Republic of Slovenia
Financial System Stability Assessment, including Reports on the Observance of Standards and Codes on the following topics: Banking Supervision, Securities Regulation, Insurance Supervision, and Payment Systems

This report on the Financial System Stability Assessment presents the main findings and overall assessment of the Republic of Slovenia's financial system. The paper analyzes the reports on the Observance of Standards and Codes on banking supervision, securities regulation, insurance supervision, and payment systems. The assessment confirms the strong supervisory standards attained in Slovenia, and noted the current absence of consolidated supervision and the regulatory gap governing investment guidelines for insurance companies, and the need for a strong financial system.


This report on the Financial System Stability Assessment presents the main findings and overall assessment of the Republic of Slovenia's financial system. The paper analyzes the reports on the Observance of Standards and Codes on banking supervision, securities regulation, insurance supervision, and payment systems. The assessment confirms the strong supervisory standards attained in Slovenia, and noted the current absence of consolidated supervision and the regulatory gap governing investment guidelines for insurance companies, and the need for a strong financial system.

Section I—Staff Report on Financial Sector Issues

I. Executive Summary and Overall Stability Assessment

1. The Slovene financial system displays considerable institutional strength. Following the breakup of the former SFRY in 1991, the loss of part of its asset base, a downturn in economic activity, and the attendant sharp deterioration in asset quality, the system went through a process of rehabilitation. This, together with consistently good economic performance and continuous improvements in the regulatory and supervisory arrangements during the last decade, has produced a sound and largely well-capitalized banking system, whose performance today compares favorably with that in selected EU and Central European comparator countries. Notwithstanding weaknesses in individual areas, the state of solvency and the general health of the financial system do not pose significant macroeconomic risks. Conversely, the system appears to be robust to a range of likely macroeconomic shocks.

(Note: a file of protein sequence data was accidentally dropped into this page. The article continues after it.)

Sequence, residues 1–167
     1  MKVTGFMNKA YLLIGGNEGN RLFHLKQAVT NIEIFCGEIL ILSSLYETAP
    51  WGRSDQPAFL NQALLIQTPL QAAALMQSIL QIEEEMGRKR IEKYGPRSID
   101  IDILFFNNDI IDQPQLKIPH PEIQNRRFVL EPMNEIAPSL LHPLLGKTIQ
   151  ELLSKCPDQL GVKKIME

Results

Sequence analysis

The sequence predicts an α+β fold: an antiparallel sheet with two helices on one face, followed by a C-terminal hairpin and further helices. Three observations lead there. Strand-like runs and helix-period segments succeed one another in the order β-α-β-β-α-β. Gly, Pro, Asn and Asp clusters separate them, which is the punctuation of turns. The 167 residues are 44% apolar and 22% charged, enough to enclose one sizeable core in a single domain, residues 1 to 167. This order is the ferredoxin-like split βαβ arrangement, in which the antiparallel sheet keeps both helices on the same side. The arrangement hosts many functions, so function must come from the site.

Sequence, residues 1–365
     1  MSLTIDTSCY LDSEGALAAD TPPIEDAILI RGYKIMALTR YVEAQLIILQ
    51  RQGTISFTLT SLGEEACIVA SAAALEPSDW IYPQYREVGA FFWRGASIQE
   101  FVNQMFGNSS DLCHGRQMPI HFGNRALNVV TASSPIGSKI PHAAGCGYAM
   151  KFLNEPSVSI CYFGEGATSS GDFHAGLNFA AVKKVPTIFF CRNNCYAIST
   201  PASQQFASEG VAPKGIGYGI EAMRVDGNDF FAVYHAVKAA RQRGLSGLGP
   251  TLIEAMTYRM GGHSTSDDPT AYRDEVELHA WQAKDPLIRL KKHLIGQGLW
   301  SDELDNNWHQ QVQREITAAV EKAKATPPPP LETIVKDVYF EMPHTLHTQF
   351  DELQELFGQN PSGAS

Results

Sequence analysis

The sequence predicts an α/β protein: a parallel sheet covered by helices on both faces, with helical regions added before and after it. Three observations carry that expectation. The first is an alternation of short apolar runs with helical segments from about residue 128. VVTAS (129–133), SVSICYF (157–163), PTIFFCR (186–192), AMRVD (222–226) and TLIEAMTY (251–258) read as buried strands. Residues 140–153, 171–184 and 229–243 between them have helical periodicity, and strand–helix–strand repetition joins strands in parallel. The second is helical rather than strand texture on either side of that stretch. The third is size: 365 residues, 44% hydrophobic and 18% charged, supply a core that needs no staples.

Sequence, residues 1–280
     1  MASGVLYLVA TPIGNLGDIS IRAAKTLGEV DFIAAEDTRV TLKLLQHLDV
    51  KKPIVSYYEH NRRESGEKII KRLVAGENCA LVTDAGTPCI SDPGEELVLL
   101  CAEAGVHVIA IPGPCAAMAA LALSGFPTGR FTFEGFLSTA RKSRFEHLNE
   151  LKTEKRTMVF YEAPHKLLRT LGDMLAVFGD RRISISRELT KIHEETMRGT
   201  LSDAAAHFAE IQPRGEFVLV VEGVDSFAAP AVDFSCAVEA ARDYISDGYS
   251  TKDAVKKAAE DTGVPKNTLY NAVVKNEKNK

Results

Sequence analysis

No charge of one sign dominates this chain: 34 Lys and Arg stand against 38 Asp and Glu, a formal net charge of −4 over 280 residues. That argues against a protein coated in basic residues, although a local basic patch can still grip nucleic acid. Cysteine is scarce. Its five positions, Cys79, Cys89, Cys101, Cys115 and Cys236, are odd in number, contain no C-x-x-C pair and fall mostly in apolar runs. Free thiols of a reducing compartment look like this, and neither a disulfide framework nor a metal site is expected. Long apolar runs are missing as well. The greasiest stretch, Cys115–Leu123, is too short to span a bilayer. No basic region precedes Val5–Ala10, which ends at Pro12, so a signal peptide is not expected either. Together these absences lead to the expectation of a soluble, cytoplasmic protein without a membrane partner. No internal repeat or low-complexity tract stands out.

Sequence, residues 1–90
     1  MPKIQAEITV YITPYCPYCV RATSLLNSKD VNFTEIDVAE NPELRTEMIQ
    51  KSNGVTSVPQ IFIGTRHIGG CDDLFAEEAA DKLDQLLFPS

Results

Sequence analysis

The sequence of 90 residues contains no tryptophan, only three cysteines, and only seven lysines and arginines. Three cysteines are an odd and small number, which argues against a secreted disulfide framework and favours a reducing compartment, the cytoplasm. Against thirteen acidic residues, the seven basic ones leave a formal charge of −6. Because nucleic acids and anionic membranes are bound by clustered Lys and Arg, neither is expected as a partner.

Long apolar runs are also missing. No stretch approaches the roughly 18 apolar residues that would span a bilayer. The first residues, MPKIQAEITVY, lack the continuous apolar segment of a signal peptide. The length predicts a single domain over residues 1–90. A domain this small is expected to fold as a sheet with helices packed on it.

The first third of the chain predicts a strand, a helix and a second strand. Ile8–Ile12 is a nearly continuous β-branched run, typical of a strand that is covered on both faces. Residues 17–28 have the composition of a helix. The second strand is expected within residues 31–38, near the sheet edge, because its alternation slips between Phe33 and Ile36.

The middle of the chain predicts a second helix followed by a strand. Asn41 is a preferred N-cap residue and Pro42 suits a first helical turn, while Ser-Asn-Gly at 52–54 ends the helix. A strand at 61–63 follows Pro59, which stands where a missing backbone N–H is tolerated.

2. However, the system grew in a largely protected environment and is highly interconnected. Limits on foreign participation in banks were relaxed only a few years ago, and capital controls on short-term (less than six months’ maturity) capital movements are still in effect. Slovene banks have historically been operating with large interest margins, arising from deposit rate fixing arrangements among banks (in place until recently); the asymmetric impact of inflation and inflation indexation of financial contracts on their balance sheet; and the ready availability of high-yield, risk-free Bank of Slovenia (BoS) securities. These devices have provided a guaranteed source of profits to banks, thereby boosting their capital base but blunting the incentive to compete and consolidate. Also, while reasonable foreign exchange and risk management systems are generally in place in commercial banks, the modalities of the BoS’s foreign exchange liquidity requirements and a contingency liquidity requirement agreement between the BoS and banks may have held back their development. Moreover, the Slovene financial system is highly interconnected, with myriad cross-sectoral shareholdings and significant cross-sectoral financial flows. This can be a source of systemic strength and resilience if all segments of the financial system are sound, but could also amplify risk and facilitate contagion if market segments are vulnerable. Finally, the unequal tax treatment of financial saving instruments and the lingering privatization gap have constrained the development of the capital market and nonbank financial intermediaries.